The depth to the water table can change (rise or fall) depending on the time of year. During the late winter and spring when accumulated snow starts to melt and spring rainfall is plentiful, water on the surface infiltrates into the ground and the water table rises. When water-loving plants start to grow again in the spring and precipitation gives way to hot, dry summers, the water table falls because of evapotranspiration.
The most reliable method of obtaining the depth to the water table at any given time is to measure the water level in a shallow well with a tape. If no wells are available, surface geophysical methods can sometimes be used, depending on surface accessibility for placing electric or acoustic probes.
Databases containing depth-to-water measurements can also be helpful, though they don't always have current data:
- The USGS National Water Information System (NWIS) has depth-to-water measurements made in the present and the past. A convenient way to find data for your area is by using the NWIS Mapper and selecting "Groundwater Sites" in the menu on the left. Click on any red groundwater pin to access the data (need to zoom in to change the dots to pins).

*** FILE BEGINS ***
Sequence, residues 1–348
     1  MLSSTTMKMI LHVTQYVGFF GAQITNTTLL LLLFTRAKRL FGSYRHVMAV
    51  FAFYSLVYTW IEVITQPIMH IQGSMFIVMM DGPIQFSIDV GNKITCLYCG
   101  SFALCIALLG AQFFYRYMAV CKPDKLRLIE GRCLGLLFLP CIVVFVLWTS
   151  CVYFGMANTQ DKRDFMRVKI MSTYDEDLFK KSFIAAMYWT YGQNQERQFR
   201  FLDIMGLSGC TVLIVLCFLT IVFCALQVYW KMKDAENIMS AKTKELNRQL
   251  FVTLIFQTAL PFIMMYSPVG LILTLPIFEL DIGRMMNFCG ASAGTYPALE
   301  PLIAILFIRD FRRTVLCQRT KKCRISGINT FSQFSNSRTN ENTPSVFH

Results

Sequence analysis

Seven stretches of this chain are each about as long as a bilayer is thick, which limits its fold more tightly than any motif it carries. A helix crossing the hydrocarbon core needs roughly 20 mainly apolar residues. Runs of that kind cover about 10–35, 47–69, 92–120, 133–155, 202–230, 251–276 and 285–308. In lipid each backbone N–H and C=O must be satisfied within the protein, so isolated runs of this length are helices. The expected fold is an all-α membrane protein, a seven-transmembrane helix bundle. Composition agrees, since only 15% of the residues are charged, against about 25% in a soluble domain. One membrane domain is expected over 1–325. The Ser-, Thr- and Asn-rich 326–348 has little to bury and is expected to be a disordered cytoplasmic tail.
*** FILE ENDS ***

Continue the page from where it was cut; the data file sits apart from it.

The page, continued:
- The National Groundwater Monitoring Network is a compilation of groundwater monitoring wells from federal, state, and local groundwater networks across the nation. Use their Data Portal to zoom in to your area of interest and click on any site.
- Your state government probably maintains a database of drillers' logs that have water levels recorded when a well was drilled, and hydrologic consultants often have reports that contain water level data from shallow boreholes.
Consulting any or all of these sources is a good first step in finding out the depth to the water table.